The concept of porn addiction, and the acceptance that it is a problem that is getting worse with the rise of internet porn, is firmly embedded in mainstream culture. The idea really took hold with the pop sci meme of ‘Your Brain on Porn‘ published a few years back and utilizing the common sense but scientifically dubious idea that the human brain has not evolved to handle the instant sexual gratification of tube porn on tap. The gratification on demand that free tube sites such as Pornhub bring has been likened to the cheap thrill enjoyed by an addict, with scientific evidence supposedly indicating that the same reward centers in the brain are activated by watching porn as when a junkie shoots some heroin. These psuedo-scientific arguments have been used to justify repressive anti-porn legislation including recently in the United Kingdom. Things are only likely to get worse with the advent of virtual reality porn.
However, other more sober commentators have doubted the concept of porn addiction or at the least the way it is bandied about too easily and aimed at anybody who regularly looks at erotic material online. One prominent critic of the porn addiction industry has recently published further research that indicates the labelling of ‘porn addiction’ can do more harm than anything that the actual watching of porn can do.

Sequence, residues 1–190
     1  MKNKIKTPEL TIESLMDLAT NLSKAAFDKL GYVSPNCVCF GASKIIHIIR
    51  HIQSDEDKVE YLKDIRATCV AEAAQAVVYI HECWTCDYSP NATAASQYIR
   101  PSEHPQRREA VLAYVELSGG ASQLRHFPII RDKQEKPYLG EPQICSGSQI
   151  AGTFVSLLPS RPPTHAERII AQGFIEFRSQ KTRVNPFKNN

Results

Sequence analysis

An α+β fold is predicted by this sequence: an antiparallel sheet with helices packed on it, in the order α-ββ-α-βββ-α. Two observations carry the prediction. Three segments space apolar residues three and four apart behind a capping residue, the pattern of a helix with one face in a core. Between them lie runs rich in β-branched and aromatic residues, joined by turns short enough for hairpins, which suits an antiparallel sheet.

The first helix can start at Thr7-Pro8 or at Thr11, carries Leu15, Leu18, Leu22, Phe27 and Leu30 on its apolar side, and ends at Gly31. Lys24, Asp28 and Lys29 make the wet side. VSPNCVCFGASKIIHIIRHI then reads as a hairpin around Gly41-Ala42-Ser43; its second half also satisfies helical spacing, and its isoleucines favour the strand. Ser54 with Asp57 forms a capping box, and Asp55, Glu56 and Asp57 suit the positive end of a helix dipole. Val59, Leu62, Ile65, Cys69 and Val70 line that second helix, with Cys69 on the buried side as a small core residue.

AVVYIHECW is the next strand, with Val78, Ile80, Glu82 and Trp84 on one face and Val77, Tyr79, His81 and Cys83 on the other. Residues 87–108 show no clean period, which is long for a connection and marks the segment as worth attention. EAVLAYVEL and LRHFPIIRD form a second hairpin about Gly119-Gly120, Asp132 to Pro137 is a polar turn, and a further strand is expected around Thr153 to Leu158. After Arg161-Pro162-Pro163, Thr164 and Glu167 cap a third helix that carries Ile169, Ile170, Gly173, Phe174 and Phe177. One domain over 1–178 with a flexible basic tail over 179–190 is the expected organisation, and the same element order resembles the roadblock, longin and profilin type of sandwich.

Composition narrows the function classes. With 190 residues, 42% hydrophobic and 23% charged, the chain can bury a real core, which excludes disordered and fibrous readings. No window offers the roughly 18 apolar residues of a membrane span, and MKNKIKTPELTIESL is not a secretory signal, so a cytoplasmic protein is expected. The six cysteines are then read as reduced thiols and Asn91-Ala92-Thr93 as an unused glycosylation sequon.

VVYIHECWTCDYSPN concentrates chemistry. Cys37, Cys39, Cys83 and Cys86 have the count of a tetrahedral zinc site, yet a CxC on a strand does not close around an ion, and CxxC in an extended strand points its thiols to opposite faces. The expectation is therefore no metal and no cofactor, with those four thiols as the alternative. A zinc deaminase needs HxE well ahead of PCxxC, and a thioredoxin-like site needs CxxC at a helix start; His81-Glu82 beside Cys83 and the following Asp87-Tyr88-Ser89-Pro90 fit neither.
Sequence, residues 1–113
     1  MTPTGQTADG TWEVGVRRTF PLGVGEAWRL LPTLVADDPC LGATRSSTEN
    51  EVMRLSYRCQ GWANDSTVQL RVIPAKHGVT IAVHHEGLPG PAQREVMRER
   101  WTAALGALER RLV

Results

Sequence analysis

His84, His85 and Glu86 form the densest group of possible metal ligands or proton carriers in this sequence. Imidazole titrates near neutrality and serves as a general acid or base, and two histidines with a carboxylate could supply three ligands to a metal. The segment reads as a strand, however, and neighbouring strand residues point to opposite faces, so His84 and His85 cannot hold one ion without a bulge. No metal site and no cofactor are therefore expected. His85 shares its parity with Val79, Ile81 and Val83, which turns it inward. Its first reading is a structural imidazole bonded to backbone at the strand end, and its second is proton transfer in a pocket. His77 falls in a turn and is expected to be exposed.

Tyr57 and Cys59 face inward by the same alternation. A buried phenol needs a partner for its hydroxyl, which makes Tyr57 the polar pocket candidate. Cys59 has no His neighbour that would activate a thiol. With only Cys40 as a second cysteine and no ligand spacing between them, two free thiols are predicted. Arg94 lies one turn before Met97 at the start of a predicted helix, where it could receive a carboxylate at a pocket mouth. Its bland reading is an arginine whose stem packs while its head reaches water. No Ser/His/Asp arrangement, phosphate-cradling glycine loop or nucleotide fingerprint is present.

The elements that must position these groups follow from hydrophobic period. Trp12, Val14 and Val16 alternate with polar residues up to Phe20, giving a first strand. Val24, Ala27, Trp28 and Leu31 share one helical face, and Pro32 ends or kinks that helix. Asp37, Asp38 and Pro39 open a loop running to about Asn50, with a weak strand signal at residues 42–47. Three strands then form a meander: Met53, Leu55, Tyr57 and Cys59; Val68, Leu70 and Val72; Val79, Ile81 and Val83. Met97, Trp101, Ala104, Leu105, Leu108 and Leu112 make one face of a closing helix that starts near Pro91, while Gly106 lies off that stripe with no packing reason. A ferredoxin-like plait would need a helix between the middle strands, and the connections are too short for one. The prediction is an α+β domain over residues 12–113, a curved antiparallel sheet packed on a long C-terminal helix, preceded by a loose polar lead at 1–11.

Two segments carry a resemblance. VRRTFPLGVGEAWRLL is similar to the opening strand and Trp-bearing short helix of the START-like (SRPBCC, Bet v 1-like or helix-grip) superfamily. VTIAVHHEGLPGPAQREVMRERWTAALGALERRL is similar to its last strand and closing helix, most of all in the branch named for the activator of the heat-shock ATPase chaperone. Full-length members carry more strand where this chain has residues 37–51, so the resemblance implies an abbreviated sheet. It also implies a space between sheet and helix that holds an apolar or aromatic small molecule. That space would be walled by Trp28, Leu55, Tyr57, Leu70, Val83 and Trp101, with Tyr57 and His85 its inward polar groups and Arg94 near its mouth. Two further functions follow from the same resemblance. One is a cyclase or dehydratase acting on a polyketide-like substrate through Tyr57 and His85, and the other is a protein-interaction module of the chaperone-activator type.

The concept of porn addiction has a self-sustaining momentum, with online self-help groups, websites, TED talks, nonprofit groups, discussion boards and television shows, all promoting the idea that pornography triggers reward processes in the brain, and thus has the potential to become an addictive, destructive behavior. But, in recent years, chips have begun to appear in the facade of this monolithic morally-based concept.
In January 2015, Joshua Grubbs of Case Western, published powerful research showing that seeing oneself as a porn addict was predicted not by how much porn one views, but by the degree of religiosity and moral attitudes towards sex. Now, Grubbs has published explosive follow-up research, demonstrating that believing oneself is addicted to porn actually causes pain and psychological problems, in contrast to the idea that identifying as a porn addict is a part of a road to recovery.
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